Police Only Found 1% Of 223,000 Hate Crimes In Canada

You are more likely to be the victim of a hate crime than be injured in a car crash.

The Canadian Anti-Hate Network



Source: Unsplash

The most recently released General Social Survey has found a startling disparity between the number of hate crimes reported by police and those self-reported by Canadians. 

According to Statistics Canada, there were an estimated 223,000 self-reported hate crimes in Canada in 2019, with the highest proportion in Ontario (33%), Quebec (28%), and Alberta (14%). In the same period, law enforcement reported 1,951 hate crimes, meaning that less than 1% of perceived hate crimes in 2019 were captured in the police-reported statistics.

The 2014 General Social Survey, when compared to police-reported numbers, shows a similar phenomenon. 2019 and 2014 are the only years we have data for, because the GSS portion on Victimization is only repeated every 5 years.

This means that, in Canada, you’re more likely to be the victim of a hate crime than be injured in a motor vehicle accident (140,801 in 2019). 

A total of 58% of hate incidents reported were violent in nature, while 25% were crimes against a “household” (eg. vandalism), and 17% involved theft.

More and more hate crimes are reaching the public’s attention. Just in the past week, vandals targeted a synagogue, a mosque, and a monument to Hindus, Sikhs, and Muslims. In June, there was yet another string of attacks on women wearing hijab in Edmonton. The Ottawa 2SLGBTQ+ community is being targeted with repeated anti-trans postering campaigns. 

The London, Ontario man who murdered four members of the Afzaal family in June with his truck and orphaned their nine-year-old son appeared in court on Wednesday. He’s charged with terrorism for the alleged hate crime.
 

Unseen Hate
 

Nearly 80% of hate incidents were not reported to the police. There’s a variety of reasons for this. Some communities fear further victimization by the police, or don’t think the police will help or solve the situation. Sometimes there’s a language barrier. Sometimes newer immigrants choose not to report because they feel it’s a small price to pay to be in Canada.

Occasionally police discourage reporting themselves, telling victims it’s a waste of time.

If the police take a report, it doesn’t mean it’ll be counted in the stats. At any point the police can decide they don’t consider a complaint to be a hate crime, or that they can’t or won’t fully pursue it. It gets subjective. The numbers the police report forward are only those that get their stamp of approval.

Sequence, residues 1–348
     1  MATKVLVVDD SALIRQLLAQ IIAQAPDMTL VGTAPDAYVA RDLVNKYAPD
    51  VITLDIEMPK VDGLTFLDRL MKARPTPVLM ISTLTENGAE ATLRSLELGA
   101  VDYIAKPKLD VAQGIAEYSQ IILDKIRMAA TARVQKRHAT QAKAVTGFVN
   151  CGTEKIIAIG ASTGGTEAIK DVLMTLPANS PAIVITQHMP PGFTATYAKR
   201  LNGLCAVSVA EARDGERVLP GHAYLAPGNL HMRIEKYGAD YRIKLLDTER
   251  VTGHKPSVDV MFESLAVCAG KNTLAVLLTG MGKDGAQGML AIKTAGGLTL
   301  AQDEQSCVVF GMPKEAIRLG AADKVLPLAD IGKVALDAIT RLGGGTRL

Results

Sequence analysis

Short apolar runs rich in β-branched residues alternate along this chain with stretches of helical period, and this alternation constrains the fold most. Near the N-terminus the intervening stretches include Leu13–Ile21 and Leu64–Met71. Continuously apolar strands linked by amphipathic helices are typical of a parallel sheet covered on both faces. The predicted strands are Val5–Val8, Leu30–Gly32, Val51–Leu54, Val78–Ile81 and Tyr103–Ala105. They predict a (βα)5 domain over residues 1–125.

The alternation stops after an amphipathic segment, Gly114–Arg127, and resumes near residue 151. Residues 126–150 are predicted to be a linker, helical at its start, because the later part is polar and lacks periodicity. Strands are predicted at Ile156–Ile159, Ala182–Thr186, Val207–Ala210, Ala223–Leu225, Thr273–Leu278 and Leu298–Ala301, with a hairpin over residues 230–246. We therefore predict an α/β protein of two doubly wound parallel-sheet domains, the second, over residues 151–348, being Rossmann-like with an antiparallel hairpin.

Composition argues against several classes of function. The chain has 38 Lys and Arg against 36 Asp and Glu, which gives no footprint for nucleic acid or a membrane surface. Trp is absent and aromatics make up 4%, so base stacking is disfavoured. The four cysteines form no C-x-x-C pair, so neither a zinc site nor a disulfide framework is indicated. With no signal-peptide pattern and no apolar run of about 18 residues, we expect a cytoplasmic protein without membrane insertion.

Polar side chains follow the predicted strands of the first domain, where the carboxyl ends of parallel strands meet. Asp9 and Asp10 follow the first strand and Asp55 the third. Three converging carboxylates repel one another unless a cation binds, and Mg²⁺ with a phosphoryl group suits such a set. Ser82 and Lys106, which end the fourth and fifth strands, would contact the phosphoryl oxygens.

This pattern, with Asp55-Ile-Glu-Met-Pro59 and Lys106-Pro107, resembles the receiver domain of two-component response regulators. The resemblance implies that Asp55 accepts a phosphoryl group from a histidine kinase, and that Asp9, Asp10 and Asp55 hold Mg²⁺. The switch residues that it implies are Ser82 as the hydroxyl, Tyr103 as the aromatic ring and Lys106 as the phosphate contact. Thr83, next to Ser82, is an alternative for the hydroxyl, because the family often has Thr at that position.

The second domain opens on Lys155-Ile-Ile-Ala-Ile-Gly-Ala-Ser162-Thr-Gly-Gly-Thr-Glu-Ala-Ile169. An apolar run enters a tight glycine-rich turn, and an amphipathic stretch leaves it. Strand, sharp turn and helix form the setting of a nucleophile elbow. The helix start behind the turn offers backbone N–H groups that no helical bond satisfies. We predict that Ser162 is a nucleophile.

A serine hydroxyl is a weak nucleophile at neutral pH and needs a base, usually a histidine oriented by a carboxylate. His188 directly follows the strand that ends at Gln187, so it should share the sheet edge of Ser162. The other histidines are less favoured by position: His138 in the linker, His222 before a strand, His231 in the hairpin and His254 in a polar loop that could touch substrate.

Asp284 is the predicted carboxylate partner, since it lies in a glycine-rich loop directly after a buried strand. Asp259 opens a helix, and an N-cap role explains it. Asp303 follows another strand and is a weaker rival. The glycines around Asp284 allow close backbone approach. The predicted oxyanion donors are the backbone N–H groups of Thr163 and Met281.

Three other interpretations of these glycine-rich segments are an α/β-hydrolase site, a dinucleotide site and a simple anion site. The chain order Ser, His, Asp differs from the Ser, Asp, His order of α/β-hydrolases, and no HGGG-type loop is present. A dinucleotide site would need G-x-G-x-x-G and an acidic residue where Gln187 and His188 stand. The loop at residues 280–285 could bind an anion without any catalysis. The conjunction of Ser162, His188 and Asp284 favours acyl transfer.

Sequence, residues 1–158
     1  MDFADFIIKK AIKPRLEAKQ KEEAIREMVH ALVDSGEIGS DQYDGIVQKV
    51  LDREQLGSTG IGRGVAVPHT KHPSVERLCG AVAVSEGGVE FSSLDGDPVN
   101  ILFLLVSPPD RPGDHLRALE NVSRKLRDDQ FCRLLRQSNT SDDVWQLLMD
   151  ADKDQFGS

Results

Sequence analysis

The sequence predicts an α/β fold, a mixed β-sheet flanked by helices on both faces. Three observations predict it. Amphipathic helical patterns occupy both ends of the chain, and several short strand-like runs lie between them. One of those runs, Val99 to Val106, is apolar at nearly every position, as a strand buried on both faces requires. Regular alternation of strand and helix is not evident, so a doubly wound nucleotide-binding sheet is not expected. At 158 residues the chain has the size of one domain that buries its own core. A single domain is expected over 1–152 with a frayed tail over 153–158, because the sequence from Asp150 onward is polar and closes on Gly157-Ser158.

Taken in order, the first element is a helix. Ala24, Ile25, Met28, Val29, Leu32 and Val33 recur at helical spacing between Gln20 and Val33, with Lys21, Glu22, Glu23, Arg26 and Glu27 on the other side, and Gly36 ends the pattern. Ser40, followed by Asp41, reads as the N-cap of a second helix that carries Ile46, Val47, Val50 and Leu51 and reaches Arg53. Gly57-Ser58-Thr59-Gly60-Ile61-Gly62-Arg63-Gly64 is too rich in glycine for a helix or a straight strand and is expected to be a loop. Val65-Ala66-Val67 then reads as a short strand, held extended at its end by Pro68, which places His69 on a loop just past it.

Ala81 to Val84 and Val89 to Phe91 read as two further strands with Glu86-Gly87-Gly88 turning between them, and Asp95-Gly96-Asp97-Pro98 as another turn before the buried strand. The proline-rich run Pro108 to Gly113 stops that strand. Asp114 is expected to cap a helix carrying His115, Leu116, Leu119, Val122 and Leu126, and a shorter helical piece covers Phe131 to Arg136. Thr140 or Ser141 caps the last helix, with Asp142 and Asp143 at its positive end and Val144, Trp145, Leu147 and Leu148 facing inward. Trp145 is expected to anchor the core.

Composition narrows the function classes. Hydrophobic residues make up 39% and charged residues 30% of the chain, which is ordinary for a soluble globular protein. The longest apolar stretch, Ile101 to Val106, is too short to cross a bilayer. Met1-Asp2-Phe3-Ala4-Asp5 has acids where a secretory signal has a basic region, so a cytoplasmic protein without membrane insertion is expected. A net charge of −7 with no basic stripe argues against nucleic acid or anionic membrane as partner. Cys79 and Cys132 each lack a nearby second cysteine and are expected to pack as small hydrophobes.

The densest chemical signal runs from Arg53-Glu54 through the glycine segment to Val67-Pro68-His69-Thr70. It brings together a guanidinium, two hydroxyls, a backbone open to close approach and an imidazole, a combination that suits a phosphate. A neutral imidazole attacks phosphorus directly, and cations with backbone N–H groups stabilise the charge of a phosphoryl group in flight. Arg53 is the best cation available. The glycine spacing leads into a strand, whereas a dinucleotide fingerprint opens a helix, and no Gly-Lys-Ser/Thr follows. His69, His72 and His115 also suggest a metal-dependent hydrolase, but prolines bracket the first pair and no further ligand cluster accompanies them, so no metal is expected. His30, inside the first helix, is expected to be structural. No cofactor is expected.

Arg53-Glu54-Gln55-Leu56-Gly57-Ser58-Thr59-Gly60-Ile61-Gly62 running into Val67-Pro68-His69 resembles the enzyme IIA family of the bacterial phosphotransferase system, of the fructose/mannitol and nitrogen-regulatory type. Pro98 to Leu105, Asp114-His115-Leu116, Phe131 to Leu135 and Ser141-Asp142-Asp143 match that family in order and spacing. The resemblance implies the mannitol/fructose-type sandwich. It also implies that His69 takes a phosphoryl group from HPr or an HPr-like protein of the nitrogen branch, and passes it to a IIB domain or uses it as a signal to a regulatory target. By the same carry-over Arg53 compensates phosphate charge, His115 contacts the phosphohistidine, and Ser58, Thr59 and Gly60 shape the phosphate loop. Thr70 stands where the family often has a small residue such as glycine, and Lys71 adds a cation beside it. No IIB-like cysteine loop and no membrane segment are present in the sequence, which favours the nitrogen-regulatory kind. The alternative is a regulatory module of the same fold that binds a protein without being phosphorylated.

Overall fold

Police statistics could and should only be used as an indicator of possible trends, and to measure police performance on hate crime.

While the police data is flawed, it suggests a largely consistent year-over-year increase in hate crime with a large 37% spike in 2020, the most recently available data. This increase in in-person hate has occurred in tandem with an increase in online hate.

One in five Canadians has experienced online hate, with racialized persons more than three times more likely to report it, according to an Abacus Data poll commissioned by the Canadian Race Relations Foundation. A report by GLAAD in the USA shows that nearly half of LGBTQ+ social media users have been exposed to hate.

Currently, 80% of Canadians support legislation that would require social media companies to be proactive and remove hate speech, including a majority of voters from all major parties. 
 

Advocating For Change
 

The Canadian Anti-Hate Network has been warning for years that police-reported hate crime statistics do not measure hate in Canada, and that we need a real way to measure hate incidents so that we can reduce their number.

Today, we are calling on the leaders of all political parties to promise the electorate that their government would:

  • Commit to an action plan to address the hate crime crisis
  • Repeat the hate crime survey at least annually
  • Support legislation requiring social media companies to remove hate; and
  • Set up a national fund for the survivors of hate-motivated attacks, as recommended by the National Council of Canadian Muslims

CAHN has applied for a grant under the Community Support, Multiculturalism, and Anti-Racism Initiative to carry out biannual surveys on hate issues with recognized polling firms.

 

Click here to download the 2019 General Social Survey self-reported hate crime data.

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